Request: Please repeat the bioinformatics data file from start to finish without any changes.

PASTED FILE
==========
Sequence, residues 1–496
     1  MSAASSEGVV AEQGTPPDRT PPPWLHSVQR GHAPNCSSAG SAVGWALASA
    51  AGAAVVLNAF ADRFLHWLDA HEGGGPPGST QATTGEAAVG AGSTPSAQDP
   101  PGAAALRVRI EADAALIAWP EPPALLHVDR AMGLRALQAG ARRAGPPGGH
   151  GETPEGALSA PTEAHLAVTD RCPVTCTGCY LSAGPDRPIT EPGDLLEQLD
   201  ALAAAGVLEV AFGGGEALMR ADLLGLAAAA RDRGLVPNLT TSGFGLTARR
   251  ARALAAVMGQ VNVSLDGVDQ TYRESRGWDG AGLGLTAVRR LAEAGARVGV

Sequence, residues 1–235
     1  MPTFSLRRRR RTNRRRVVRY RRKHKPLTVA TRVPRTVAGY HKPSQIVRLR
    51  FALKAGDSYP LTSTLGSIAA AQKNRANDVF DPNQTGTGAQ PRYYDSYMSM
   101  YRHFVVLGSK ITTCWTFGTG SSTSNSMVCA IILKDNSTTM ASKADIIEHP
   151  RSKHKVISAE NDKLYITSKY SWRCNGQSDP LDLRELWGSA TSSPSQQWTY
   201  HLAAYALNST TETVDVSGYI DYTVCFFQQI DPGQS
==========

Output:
Sequence, residues 1–496
     1  MSAASSEGVV AEQGTPPDRT PPPWLHSVQR GHAPNCSSAG SAVGWALASA
    51  AGAAVVLNAF ADRFLHWLDA HEGGGPPGST QATTGEAAVG AGSTPSAQDP
   101  PGAAALRVRI EADAALIAWP EPPALLHVDR AMGLRALQAG ARRAGPPGGH
   151  GETPEGALSA PTEAHLAVTD RCPVTCTGCY LSAGPDRPIT EPGDLLEQLD
   201  ALAAAGVLEV AFGGGEALMR ADLLGLAAAA RDRGLVPNLT TSGFGLTARR
   251  ARALAAVMGQ VNVSLDGVDQ TYRESRGWDG AGLGLTAVRR LAEAGARVGV

Sequence, residues 1–235
     1  MPTFSLRRRR RTNRRRVVRY RRKHKPLTVA TRVPRTVAGY HKPSQIVRLR
    51  FALKAGDSYP LTSTLGSIAA AQKNRANDVF DPNQTGTGAQ PRYYDSYMSM
   101  YRHFVVLGSK ITTCWTFGTG SSTSNSMVCA IILKDNSTTM ASKADIIEHP
   151  RSKHKVISAE NDKLYITSKY SWRCNGQSDP LDLRELWGSA TSSPSQQWTY
   201  HLAAYALNST TETVDVSGYI DYTVCFFQQI DPGQS